Global Business Guide Indonesia

Sign up for the GBG Indonesia Quarterly Business Intelligence Report for the latest news on your sector.
Sign Up
Business Updates | Indonesia Introduces Sixth Policy Package to Spur Special Economic Zones

Indonesia on 5th November 2015 introduced a sixth economic policy package to build upon the success of previous regulatory reforms carried out to attract investment and shore up confidence amidst significant economic headwinds. Having previously zeroed in on key impediments to business in the country such as rising minimum wages (See Indonesia Moves to Address Minimum Wage Woes); Indonesia through its latest policy package intends to expedite the development of special economic zones designed by the government to encourage businesses to set up in less saturated provinces and thereby promote widespread growth across the archipelago (See A Look into Indonesia’s Special Economic Zones).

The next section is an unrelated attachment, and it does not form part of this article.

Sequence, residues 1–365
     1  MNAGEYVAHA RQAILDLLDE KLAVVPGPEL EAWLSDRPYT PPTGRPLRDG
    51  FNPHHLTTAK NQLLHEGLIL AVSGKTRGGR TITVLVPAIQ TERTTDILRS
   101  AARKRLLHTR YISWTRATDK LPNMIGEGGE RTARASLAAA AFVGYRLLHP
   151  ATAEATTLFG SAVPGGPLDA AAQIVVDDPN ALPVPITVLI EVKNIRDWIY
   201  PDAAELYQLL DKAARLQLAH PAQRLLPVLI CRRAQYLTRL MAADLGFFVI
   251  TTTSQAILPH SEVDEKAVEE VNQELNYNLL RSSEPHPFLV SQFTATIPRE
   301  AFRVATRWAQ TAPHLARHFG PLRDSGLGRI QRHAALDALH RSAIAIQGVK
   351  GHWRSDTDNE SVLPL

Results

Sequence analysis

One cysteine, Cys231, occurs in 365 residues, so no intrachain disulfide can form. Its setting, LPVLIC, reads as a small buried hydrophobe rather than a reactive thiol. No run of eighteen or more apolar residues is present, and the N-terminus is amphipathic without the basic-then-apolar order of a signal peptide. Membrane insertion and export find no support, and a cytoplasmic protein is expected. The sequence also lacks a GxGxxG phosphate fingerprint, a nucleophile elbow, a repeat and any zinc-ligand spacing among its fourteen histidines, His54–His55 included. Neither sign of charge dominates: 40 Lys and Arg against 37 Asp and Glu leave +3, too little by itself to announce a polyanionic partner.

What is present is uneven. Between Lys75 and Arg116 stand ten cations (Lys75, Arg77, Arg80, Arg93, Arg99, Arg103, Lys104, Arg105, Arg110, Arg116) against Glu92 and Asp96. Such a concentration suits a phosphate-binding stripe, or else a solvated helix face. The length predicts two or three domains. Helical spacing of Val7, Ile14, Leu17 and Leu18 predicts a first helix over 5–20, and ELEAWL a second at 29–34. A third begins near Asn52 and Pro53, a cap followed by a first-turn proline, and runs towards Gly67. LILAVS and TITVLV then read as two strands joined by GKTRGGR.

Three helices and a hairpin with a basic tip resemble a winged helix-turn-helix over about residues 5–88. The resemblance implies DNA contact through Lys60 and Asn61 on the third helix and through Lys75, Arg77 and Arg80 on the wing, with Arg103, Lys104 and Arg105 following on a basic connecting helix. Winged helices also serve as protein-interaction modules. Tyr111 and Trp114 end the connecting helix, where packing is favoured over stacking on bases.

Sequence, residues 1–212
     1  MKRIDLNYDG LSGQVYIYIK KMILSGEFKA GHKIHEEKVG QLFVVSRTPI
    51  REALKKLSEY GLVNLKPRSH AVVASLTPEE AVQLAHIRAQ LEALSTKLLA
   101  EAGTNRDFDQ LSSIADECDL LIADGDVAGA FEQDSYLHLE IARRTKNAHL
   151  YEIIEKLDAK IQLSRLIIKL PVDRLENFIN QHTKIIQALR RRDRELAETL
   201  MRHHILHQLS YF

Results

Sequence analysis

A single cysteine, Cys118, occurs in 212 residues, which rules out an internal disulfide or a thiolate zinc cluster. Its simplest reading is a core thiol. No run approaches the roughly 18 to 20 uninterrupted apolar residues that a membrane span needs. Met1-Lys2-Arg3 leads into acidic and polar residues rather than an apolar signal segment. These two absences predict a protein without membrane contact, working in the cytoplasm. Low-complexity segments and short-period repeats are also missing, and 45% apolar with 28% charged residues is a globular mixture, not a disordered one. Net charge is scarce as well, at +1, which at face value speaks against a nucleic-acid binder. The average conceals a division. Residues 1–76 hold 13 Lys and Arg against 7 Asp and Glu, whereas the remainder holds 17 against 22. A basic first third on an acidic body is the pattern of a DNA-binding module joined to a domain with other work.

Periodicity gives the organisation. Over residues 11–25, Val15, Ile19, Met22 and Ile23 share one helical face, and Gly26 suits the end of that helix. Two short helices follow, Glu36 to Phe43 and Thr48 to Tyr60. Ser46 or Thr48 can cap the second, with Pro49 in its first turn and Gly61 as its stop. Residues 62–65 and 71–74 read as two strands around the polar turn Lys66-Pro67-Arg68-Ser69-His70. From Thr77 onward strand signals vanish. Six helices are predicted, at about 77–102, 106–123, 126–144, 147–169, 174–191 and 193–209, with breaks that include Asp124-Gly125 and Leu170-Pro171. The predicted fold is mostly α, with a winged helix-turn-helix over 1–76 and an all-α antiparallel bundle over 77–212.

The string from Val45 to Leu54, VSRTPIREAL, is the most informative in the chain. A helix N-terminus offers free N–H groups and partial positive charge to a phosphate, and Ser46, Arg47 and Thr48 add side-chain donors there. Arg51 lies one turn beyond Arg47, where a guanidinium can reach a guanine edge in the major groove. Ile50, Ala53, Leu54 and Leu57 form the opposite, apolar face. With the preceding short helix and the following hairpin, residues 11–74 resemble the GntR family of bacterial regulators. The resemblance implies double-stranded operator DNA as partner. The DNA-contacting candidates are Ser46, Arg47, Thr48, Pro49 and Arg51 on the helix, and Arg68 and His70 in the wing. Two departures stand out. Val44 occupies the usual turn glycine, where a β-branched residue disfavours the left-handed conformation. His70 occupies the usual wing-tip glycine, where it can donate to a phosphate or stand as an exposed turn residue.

A series of special incentives

In an attempt to drum up interest among local as well as international investors, the Indonesian government intends to implement a number of fiscal incentives offered to businesses planning to locate in any of the following eight special economic zones:

  • Tanjung Lesung, Banten – Tourism Hub
  • Sei Mangke, North Sumatra – Integrated Palm Oil Industry Hub
  • Palu, Central Sulawesi – Manufacturing, Logistics and Metal Processing Hub
  • Bitung, North Sulawesi – Fishery and Logistics Hub
  • Mandalika, West Nusa Tenggara – Tourism and MICE Hub
  • Morotai, North Maluku – Fishery, Logistics and Tourism Hub